|Group Urges Victims of Priest Abuse to Come Forward
By Susan Olp
November 4, 2009
Elsie Boudreau, a Yu'pik Eskimo from Alaska, suffered sexual abuse at the hands of a Jesuit priest in Nome, Alaska, from age 10 to 16.
She later successfully sued Father James Poole and won a financial settlement against him. Now he lives in a Jesuit retirement center in Spokane, and Boudreau is a victim liaison for a California law firm.
On Wednesday, she was in Billings with another member of SNAP - the Survivors Network of those Abused by Priests - to encourage others who have gone through the same type of ordeal to come forward. The timing is crucial, Boudreau said, because a deadline looms for victims of abuse who fall in the Oregon Province of the Society of Jesus to file a claim.
That includes Jesuit churches and missions in Montana.
"I think the important thing is to let survivors know that you have until Nov. 30 to come forward," Boudreau said. "It's absolutely OK to say that a Jesuit priest molested you and for other parishioners to support victims that are coming forward."
She and Joelle Casteix, SNAP's Southwest regional director from Newport Beach, Calif., held a brief news conference Wednesday morning in front of St. Patrick's Co-Cathedral in downtown Billings. The Chicago-based SNAP organized the event to get the word out about the deadline and to chastise the Catholic Church for not making a greater effort to reach potential victims.
A diocesan official said the church is doing its best to help spread the word about the deadline.
SNAP doesn't have names of any predator priests who were assigned in or around Billings. But the group brought up the name of Father Frank Duffy, a Jesuit priest who was recently identified as a perpetrator.
Duffy worked from 1946 to 1948 at St. Paul's Mission in Hays, Casteix said, citing information from the Portland Diocese.
"Frank Edward Duffy, who while he served in Hays and traveled extensively in Billings in the 1940s, was a prolific perpetrator and molested, we believe, dozens of girls until his death," Casteix said.
The Jesuits were also the No. 1 one group in organizing Native American missions, she said, and many members of the order came through the area to hold Mass and perform baptism and funerals, as well as visit the sick.
Boudreau also believes there has been a pattern by the order of "dumping perpetrator priests in remote areas where people have less access to services and are less apt to talk to law enforcement."
"I talked to hundreds of victims in Alaska who didn't know that they could speak out, who didn't know they could report it to law enforcement," Boudreau said.
Since 2001, Jesuits have paid out more than $25 million to sex-abuse victims. Andy Chasan, a Boise attorney whose law firm is affiliated with Northwest Attorneys for Justice said as many as 200 claims have been filed against the Oregon Province out of Alaska alone.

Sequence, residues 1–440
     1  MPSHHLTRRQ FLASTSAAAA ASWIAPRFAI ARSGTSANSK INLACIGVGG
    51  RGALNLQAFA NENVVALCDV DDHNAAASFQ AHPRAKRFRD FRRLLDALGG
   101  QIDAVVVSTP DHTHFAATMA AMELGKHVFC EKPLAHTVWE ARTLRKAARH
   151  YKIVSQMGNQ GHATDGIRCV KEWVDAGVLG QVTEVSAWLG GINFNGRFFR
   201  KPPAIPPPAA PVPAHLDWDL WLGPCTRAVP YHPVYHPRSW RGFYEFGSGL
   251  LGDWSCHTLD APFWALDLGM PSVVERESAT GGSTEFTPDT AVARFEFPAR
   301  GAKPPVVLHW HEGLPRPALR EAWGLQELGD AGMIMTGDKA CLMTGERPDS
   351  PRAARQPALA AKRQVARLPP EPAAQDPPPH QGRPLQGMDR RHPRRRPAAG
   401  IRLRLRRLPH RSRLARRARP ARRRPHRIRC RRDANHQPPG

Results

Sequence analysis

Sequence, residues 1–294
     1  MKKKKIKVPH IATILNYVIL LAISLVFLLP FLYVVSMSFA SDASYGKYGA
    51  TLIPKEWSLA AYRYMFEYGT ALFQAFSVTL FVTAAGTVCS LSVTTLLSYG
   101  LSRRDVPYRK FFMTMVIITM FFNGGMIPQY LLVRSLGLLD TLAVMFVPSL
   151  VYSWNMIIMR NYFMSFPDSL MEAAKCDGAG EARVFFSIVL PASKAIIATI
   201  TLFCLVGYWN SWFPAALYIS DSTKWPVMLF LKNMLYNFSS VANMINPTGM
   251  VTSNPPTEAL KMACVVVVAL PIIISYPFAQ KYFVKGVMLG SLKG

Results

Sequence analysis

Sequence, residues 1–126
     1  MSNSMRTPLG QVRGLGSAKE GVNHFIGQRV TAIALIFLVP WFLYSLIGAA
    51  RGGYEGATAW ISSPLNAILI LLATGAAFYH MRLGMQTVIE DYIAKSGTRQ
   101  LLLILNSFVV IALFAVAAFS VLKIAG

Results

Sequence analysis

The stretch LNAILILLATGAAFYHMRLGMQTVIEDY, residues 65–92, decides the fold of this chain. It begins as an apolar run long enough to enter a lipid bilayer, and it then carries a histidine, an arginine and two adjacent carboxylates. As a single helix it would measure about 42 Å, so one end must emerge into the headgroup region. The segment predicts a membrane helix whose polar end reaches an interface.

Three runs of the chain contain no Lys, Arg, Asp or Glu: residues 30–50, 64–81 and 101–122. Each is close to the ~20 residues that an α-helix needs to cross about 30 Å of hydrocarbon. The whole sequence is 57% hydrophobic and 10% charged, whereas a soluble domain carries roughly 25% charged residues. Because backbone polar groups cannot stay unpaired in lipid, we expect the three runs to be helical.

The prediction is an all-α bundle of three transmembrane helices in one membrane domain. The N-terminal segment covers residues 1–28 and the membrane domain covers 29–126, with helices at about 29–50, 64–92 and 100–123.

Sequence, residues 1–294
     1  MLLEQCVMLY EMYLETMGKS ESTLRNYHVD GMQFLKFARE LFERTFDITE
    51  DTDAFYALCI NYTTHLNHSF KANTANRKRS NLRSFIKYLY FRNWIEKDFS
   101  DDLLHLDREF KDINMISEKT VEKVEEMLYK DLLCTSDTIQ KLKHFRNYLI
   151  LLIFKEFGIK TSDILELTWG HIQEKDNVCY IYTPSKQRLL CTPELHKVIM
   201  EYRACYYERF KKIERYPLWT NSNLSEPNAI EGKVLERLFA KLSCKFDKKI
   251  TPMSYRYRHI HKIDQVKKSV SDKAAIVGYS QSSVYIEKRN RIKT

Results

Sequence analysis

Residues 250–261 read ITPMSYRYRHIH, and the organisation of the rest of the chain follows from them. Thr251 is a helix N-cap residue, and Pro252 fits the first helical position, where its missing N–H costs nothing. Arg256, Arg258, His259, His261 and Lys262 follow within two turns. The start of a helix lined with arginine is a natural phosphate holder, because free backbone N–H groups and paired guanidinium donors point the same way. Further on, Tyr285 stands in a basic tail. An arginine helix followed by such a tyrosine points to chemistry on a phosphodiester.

"Our expectation is there may be as high as 400 to 500 claims filed by victims throughout the Northwest," he said in a telephone interview.
The Nov. 30 deadline comes into play because the Oregon Province of the Society of Jesus filed for Chapter 11 bank-ruptcy. Nov. 30 is what's called a "bar date," Chasan said.
"For most people, that means they have to file the claim by that time," he said.
As part of the bankruptcy order, the Oregon Province must search for victims. At the behest of the Jesuits, the Diocese of Great Falls-Billings put a legal notice in its September newspaper notifying registered parishioners of the Nov. deadline.
The newspaper reaches 17,500 households in Eastern Montana totaling an estimated 58,000 Catholics, said the Rev. Jay Peterson, vicar general for the diocese.
The diocese also periodically includes a notice in its newspaper encouraging people who have been victimized by a priest or member of the laity to contact Sister Kathleen Kane, the diocese's victim assistance coordinator in Great Falls.
"Churches generally have posters in the entryway or parish offices," Peterson said. "We try to do the best we can. We want to be as approachable as we possibly can if there are victims that need ministry."
But Casteix doesn't believe that's good enough, calling the diocese's failure to reach beyond parishioners to get the word out "a horrible disserve to victims of sexual abuse by the Jesuits."
"Most victims are not registered parishioners and a legal notice is something that is easily overlooked," she said. "We want to make sure that there is survivor-centered communication that can touch people at 2 in the morning when they're upset and looking at the Internet or hanging out in the back of a church too scared to go in."
Survivors ought to know they have recourse to the abuse they suffered, she said. And they need to know that child sexual abuse is not shameful, said Casteix, who, herself was sexually abused by a lay teacher at a Catholic high school.
"No child ever deserves to be abused, and by coming forward they can protect that child that was hurt so long ago and start on the path of healing," she said.
Contact Susan Olp at email@example.com or 657-1281.
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